The City of Hoboken recently presented the final stages of a Complete Streets Redesign plan to modernize Washington Street and improve bicycle and pedestrian safety. The plan includes new pedestrian traffic signals, redesigned bus shelters, and a plethora of cycling infrastructure improvements. Other notable improvements include new sidewalks and crosswalks in conjunction with curb extensions to upgrade pedestrian safety on street corners.
The plan, which is estimated at a cost of $14 million, was prepared by the RBA Group in collaboration with the City of Hoboken, the US Department of Transportation, and the New Jersey Dept. of Transportation. Other outreach activities include stakeholder interviews, a community survey, and public workshops. This interactive approach lead the redesign plan to conclude, “The City of Hoboken Bicycle and Pedestrian Plan takes a bold step forward in articulating a community-led vision for bicycle and pedestrian friendly streets.”
According to the community survey 86% of respondents listed pedestrian safety and accommodations as their top priority, while retail and restaurants and streetscape and landscape design rounded out the top 3 highest priorities. Of the 661 respondents, 61% were aged 30-49, while the 18-29 demographic age range constituted 27% of the total. The pedestrian outreach program and subsequent participation played a significant role in the formulation of the plan and in its physical design.
The new design details of the plan are expected to increase mobility and access to transportation by providing dedicated bicycle facilities and parking. Additionally, skid resistant retroreflective crosswalks provide improved pedestrian visibility, and “Portal” style bus shelters improve transit access and offer an economic benefit. The innovative design outlined in the plan aims to make Washington Street into a complete, green, and smart street.
The City of Hoboken stands to benefit greatly from the implementation of complete streets, as its benefits include the following:
- Safety, access & mobility
- Public Health
- Environmental Quality and Sustainability
- Aesthetics and Livability
- Economics Vitality & Prosperity
These physical and environmental benefits are quantifiable in the economy as well. Bike lanes installed in New York City resulted in a 49% increase of property values on 9th Avenue compared to a 3% increase on all of NYC during the same period. Increased property values and the prospect of more retail and office rents provide extra future economic benefits on Washington Street.
The complete street redesign details specific concept design plans for downtown and uptown Hoboken. The concept plan for downtown provides 25 foot wide sidewalks with 8 feet of bike lanes protected by a concrete buffer. While parking is available on both sides of the road, the travel lanes are reduced to one in each direction. This differs from the concept plan for uptown, which is more auto friendly in relative terms. While the uptown design provides a 5 foot wide bike lane and concrete buffer, the sidewalk width is reduced to 18 feet on each side. Other key differences include angle parking and a bike share lane. The emphasis on automotive traffic in the uptown area of Washington Street allows delivery trucks and other large vehicles to easily enter and exit Hoboken. In contrast, the downtown redesigns are wholly dedicated to pedestrian and bicyclists. While each concept plan improves bicycle and pedestrian safety while increasing transit access, the application of complete streets differs in the context of other transportation factors.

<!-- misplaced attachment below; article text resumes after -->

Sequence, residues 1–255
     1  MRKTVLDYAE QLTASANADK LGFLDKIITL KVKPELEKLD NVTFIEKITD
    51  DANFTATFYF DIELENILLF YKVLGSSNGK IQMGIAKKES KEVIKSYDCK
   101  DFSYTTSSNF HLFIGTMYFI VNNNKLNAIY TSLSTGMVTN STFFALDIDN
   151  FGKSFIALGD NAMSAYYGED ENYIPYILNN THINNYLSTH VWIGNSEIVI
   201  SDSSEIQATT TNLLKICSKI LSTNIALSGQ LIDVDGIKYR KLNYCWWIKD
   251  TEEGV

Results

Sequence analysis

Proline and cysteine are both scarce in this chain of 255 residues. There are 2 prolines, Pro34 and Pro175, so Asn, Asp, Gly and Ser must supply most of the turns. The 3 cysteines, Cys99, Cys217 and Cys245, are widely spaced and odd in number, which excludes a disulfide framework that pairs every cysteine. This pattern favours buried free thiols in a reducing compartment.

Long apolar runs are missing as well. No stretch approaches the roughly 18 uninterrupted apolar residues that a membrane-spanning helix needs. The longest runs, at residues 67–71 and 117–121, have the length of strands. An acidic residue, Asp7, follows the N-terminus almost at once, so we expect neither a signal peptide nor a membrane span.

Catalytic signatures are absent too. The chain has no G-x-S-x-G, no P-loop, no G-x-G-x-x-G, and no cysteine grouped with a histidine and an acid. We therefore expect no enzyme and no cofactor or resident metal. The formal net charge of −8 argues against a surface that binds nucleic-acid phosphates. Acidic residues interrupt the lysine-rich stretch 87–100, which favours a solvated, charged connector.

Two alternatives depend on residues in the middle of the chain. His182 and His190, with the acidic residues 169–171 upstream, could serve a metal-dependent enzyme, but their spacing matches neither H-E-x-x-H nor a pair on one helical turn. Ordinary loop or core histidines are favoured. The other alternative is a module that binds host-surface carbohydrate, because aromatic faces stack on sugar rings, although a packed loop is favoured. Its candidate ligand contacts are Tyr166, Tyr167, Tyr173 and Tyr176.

The Washington Street redesign plan aims to address existing infrastructure, including its safety and operational issues. The RBA Group along with the NJDOT and the USDOT and the City of Hoboken believe this implementation will result in enhancing the character of an already vibrant streetscape. Key issues that the study focused on include pedestrian safety, sustainability, traffic circulation, open space, parking, bicycle facilities, wayfinding and signage, and funding opportunities. Through an innovative design concept, Washington Street will continue to host a number of city events and play a key role in pedestrian mobility in Hoboken.
The next steps for the redesign plan are evaluation of public feedback and the presentation of the final concept plan to the City Council of Hoboken. Implementation is dependent upon how the citizens and city council members decide to pay for the project, which is estimated at $14 million. When this transaction is approved, Washington Street and its residents will embark on yearlong construction project that promises to foster both community involvement and economic prosperity.
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